Tuesday, May 1, 2012

The Celtics/Danny Ainge Revised part I

I would like to revisit the topic that I chose to discuss when I kicked off my sports blogging career back in January.  That would be the state of the Boston Celtics; their competitive status within the league this season, health concerns and most importantly the trade rumors swirling around their roster, often times being exacerbated via public statements that could have been construed as threats by their General Manager Danny Ainge. 

As the playoffs have finally arrived, the Celtics are in fairly good position, better than most thought they would be, including me.  They were able to finish with the best record in the Atlantic division of the Eastern Conference, ensuring that they would at worst be the #4 seed in the playoff bracket.  This was a crucial result, being that based strictly on the standings in the East, Boston would have likely ended up in the 6th or 7th spot, and the 7th spot would have meant facing the Heat in the first round, which no opponent wants to have to do.

On the topic of roster changes, the NBA trade deadline came and went without any moves being made by the Celtics.  It seems to me that Mr. Ainge realized the folly of his ways at the previous season’s trade deadline, the decision that was the reason for my initial two part entry stating my beef with the man.  After gutting the NBA leading, championship caliber Celtics squad of the 2010-2011 season, I credit Danny for at least not making a similar mistake two years in a row.  Even after all the trade rumors involving Rondo and Paul Pierce most notably, and after the subsequent public statements by Ainge saying that no player was safe from trade and he would not hesitate to move any player, including lifetime Celtic Pierce, if he felt like it.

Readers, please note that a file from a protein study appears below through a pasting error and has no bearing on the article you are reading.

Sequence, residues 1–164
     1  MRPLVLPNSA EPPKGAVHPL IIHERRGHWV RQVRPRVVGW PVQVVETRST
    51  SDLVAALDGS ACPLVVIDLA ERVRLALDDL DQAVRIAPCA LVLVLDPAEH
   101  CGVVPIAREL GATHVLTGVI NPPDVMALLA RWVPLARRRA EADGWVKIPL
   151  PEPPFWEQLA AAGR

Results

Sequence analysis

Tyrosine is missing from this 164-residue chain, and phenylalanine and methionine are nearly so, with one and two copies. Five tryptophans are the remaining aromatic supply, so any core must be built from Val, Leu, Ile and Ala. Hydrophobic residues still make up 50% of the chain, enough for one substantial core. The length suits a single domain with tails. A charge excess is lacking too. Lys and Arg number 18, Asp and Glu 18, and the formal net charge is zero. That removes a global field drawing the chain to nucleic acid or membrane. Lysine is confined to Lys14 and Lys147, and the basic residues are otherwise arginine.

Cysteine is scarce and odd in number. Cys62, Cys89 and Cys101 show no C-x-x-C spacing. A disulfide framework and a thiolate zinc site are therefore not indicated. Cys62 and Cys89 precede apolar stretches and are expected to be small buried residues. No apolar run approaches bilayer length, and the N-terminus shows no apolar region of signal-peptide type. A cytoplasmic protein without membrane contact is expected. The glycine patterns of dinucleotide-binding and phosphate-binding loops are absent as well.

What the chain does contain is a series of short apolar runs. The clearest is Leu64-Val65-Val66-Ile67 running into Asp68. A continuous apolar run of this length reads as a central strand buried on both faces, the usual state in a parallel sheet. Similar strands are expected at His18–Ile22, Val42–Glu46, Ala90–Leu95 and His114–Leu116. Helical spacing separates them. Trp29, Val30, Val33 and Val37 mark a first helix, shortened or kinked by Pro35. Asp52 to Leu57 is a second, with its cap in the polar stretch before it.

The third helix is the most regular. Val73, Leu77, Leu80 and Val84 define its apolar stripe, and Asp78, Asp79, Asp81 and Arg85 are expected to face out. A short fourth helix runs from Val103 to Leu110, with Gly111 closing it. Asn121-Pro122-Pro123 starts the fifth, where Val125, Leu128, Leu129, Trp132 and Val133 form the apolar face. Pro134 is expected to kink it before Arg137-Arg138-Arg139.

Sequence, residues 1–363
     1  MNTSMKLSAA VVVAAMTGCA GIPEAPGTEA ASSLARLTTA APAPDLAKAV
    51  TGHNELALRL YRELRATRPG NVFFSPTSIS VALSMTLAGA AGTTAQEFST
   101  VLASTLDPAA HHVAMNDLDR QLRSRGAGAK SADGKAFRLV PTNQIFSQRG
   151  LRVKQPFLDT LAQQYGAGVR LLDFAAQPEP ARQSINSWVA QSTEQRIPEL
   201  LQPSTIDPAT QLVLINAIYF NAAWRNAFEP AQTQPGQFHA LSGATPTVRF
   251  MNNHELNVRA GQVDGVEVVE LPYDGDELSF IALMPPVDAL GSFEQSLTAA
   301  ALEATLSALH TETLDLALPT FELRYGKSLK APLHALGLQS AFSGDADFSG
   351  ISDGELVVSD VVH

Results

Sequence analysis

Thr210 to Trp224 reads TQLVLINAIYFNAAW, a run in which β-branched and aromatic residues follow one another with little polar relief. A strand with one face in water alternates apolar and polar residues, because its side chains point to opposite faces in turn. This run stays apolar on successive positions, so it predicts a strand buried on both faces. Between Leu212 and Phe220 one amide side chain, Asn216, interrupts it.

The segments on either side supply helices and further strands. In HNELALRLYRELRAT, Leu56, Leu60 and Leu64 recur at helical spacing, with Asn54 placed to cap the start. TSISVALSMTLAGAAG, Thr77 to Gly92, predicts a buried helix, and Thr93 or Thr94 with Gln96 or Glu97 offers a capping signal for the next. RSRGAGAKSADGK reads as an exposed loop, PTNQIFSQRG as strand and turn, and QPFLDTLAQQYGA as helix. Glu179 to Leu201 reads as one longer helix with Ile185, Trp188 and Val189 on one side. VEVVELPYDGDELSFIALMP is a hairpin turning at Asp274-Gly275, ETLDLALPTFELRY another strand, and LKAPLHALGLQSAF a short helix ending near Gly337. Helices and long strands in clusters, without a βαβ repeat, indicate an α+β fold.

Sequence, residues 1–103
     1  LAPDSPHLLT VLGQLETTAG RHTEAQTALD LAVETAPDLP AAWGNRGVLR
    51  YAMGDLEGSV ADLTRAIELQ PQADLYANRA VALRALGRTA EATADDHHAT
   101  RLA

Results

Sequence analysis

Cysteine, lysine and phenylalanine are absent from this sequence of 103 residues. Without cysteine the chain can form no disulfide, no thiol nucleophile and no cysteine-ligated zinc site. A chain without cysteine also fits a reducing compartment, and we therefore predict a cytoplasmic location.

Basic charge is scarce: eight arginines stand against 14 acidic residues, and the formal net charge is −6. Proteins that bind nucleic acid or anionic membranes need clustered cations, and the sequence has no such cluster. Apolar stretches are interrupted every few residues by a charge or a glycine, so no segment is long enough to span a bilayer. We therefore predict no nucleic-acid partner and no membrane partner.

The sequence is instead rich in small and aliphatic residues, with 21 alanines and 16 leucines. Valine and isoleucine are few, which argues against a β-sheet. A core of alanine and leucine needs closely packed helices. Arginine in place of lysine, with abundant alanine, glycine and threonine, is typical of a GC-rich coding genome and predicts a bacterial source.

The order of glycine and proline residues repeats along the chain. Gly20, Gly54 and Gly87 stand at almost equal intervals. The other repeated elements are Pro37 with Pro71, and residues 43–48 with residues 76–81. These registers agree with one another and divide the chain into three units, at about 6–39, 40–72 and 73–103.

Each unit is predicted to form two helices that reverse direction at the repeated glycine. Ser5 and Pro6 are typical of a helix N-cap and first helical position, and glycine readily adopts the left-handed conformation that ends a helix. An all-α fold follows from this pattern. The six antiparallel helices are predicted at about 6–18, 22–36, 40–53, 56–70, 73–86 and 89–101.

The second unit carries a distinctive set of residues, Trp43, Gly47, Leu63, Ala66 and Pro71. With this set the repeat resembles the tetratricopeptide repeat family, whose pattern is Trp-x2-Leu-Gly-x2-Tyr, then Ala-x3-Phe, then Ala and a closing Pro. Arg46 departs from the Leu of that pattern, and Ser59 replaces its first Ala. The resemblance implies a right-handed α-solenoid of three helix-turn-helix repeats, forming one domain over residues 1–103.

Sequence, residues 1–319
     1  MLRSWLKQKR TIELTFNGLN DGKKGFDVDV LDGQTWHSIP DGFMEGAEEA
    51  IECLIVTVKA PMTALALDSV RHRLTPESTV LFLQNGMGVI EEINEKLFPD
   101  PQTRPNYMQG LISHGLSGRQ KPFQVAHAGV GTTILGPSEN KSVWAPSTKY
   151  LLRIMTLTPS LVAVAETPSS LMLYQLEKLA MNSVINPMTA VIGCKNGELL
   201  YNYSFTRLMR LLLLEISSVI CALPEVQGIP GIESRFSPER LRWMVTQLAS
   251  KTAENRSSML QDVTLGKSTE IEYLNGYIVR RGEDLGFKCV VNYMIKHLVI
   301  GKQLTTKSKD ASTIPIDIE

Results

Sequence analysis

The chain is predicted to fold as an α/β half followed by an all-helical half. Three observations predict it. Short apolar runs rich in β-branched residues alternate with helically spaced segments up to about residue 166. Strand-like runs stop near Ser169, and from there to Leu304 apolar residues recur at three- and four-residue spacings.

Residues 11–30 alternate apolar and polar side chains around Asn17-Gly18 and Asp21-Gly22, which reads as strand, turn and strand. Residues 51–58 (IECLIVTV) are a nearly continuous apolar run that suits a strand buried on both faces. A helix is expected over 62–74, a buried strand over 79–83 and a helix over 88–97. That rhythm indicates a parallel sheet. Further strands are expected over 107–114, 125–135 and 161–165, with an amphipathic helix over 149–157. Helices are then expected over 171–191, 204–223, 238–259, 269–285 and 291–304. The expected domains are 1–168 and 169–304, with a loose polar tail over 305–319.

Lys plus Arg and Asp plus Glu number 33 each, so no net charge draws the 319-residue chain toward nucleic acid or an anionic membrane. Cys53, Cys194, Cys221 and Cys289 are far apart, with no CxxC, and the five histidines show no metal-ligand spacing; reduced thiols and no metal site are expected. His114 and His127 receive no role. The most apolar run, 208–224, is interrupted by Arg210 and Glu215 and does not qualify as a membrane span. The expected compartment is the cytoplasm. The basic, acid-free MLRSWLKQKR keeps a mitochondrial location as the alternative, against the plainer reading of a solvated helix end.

So instead of listening to his instincts, Ainge decided to trust coach Doc Rivers and the four star players that he has, all of which will be Hall of Famers (I’m taking a liberty with declaring Rondo a HOFer already, but he will be), that they could make one last deep playoff run.  The Celtics played fantastic basketball in the 2nd half of this NBA season and have positioned themselves well in the playoff scenario as I alluded to above.  Unfortunately, Ray Allen has not been immune to the injury bug that has plagued so many teams in this condensed, post-lockout NBA season, and that is going to make things a lot tougher on the Celts, as their bench is not very deep and Allen’s is not only one of the best pure shooters in the history of basketball, he is also one of the most clutch performers of his time.  He is questionable if he will play in his first game against the Hawks on Sunday night, but at least he has not been shut down for the entirety of the playoffs and will hopefully be back soon to contribute.

The Atlanta Hawks are an immensely talented team that frequently underachieves, but being that they are a team that plays very well at home and often poorly on the road, it is unfortunate that in the finals days of the regular season Atlanta secured home court advantage for their upcoming series. Nevertheless, not unlike the Knicks, the Hawks in my view lack the intangibles it takes to win and win big in the post-season, despite the plethora of talent on their roster.  So I’m not too worried, part II of this revision will come after game 1.

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